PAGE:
On May 21, 1921, thousands of black families lost their homes and loved ones in Tulsa, OK when hundreds of mostly white residents burned buildings and killed dozens in a predominantly black neighborhood. UR alum Olivia Hooker was one of the last remaining survivors of the massacre, known as the Tulsa Race Riot. Only six years old at the time, she witnessed the white mobs hacking away at her sister’s piano, throwing out her mother’s records, and setting fire to the place.

In an interview, Hooker said one of the few items left untouched was the “old, rugged cross […] giving you a message of what you should and shouldn’t have.” When the riot started, Hooker’s mother refused to run, and continued cooking dinner and “putting water on the house” in attempts to prevent it from burning.

For Hooker, the Tulsa Riot was a rude awakening at an early age. She had not previously experienced such racism and aggression against Black people. “The only non-black people that I ever saw were people who wanted to sell my father things for his store, and they brought presents for the children and listened to my sister play the piano,” Hooker said. Until that fateful night, Hooker admitted she “thought everything in the Preamble to the Constitution referred to [her].”

Instead of calling the violence a riot, Hooker referred to it as “planned desecration.” This singular moment in Hooker’s youth would shape the rest of her life’s work: fighting for the civil rights of African Americans, and justice for the victims of the Tulsa Riot until her death in 2018.

One of the many rights she fought for was universal access to the military. Prior to World War II, the military did not allow women, and even when President Roosevelt signed in a special women’s reserve in 1942, African Americans were still barred from entry.

When the Navy finally allowed women of color in 1944, Hooker was saddened to see no one signing up. In an interview with the Hudson River Museum, she admitted that she had not wanted a life of active duty, but applied to the Navy hoping to encourage others to follow suit. However, her initial applications were rejected. When the Navy did finally accept her, she switched to the Coast Guard.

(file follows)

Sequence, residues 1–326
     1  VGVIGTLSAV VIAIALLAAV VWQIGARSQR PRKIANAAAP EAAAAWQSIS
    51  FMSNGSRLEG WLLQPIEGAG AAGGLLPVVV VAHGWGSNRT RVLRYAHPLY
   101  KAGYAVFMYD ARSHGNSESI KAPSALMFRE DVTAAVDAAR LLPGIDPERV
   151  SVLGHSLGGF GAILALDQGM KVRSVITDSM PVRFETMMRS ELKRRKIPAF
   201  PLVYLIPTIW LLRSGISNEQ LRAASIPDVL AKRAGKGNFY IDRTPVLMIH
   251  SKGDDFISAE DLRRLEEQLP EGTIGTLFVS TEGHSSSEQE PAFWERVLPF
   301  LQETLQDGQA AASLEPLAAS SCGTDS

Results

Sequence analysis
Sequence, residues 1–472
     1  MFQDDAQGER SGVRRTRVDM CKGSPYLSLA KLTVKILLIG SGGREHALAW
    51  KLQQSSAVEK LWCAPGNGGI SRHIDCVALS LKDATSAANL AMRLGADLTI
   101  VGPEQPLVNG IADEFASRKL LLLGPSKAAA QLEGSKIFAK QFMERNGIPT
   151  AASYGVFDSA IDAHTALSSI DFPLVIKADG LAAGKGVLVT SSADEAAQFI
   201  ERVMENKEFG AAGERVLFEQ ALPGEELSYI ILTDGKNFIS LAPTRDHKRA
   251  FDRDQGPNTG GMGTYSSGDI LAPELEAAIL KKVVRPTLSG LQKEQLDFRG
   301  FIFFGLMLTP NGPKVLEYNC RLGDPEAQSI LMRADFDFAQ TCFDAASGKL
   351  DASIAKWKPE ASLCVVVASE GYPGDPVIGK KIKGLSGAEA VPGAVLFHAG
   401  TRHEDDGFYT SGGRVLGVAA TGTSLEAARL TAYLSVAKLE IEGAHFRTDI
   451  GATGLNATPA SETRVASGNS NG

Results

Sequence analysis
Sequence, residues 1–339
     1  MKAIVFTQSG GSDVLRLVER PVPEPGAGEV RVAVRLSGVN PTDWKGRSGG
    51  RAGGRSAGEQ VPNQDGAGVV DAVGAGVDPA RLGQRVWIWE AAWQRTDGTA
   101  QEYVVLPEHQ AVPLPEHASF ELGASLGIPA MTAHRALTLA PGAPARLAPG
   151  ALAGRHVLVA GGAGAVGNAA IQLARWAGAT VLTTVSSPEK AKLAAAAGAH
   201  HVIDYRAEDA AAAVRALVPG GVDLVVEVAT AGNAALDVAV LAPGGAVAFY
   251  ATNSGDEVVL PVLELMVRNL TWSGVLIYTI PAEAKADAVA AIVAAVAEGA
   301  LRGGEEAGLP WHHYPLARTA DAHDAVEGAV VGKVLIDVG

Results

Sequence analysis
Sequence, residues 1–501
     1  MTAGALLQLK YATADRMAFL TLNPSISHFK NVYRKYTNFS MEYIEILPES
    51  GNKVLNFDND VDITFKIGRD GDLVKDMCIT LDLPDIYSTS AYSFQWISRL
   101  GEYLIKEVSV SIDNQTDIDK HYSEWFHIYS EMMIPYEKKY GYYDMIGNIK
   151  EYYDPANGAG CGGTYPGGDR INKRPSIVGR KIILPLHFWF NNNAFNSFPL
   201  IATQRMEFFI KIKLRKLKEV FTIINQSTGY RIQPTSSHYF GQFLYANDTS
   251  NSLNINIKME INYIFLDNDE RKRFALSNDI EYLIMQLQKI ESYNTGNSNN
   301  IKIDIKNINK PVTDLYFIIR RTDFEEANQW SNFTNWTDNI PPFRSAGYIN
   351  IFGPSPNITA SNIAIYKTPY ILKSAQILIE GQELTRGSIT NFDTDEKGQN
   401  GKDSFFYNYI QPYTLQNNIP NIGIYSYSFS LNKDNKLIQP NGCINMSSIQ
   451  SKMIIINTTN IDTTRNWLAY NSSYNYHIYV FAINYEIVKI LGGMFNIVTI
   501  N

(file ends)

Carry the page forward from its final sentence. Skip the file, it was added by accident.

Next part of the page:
During her time with the Coast Guard, a colonel from Kentucky came and attempted to segregate the barracks. To his dismay, none of the girls were willing to part with their roommates. In fact, when asked about complaints, the only criticism Hooker’s roommate could think of was “she likes Robert Frost poetry and I don’t.”

After serving in the Coast Guard, Hooker went on to receive her master’s degree from Columbia and Ph.D. from UR in psychology. In a 2005-06 Rochester Review article, Hooker, the only African American woman in her class, said “I wasn’t a typical student.”. During her time at UR, she dedicated her studies to children with Down syndrome, focusing on their learning and developmental disabilities. She was among 22 women affiliated with the UR community included in the University’s website dedicated to Susan B. Anthony’s 200th birthday and the 100th anniversary of the ratification of the 19th Amendment.

After leaving Rochester in 1962, Hooker went on to teach psychology at Fordham University until her retirement in 1985. She continued working as a psychologist at the Fred Keller School until she turned 87 in 2002.

Even after retirement, Hooker continuously worked to obtain justice for the Tulsa Riot victims. In 2005, after the Supreme Court denied a hearing, she testified before the Congressional Black Caucus on Capitol Hill to appeal her case for restitution. Even back in Tulsa, Hooker said “it took 80 years before we got an apology from the mayor of Tulsa […] of course we got no monetary reimbursement, but at least we got an apology after 80 years.”

Despite the lack of progress, Hooker remained hopeful even toward the end of her life. In an interview with Fordham University, she discussed her thoughts on redemption. Smiling, Hooker said, “St. Francis was a terrible boy and […] did everything wrong to his family. If St. Francis could become St. Francis after all the things he did as a boy, I have faith that other people can change.”



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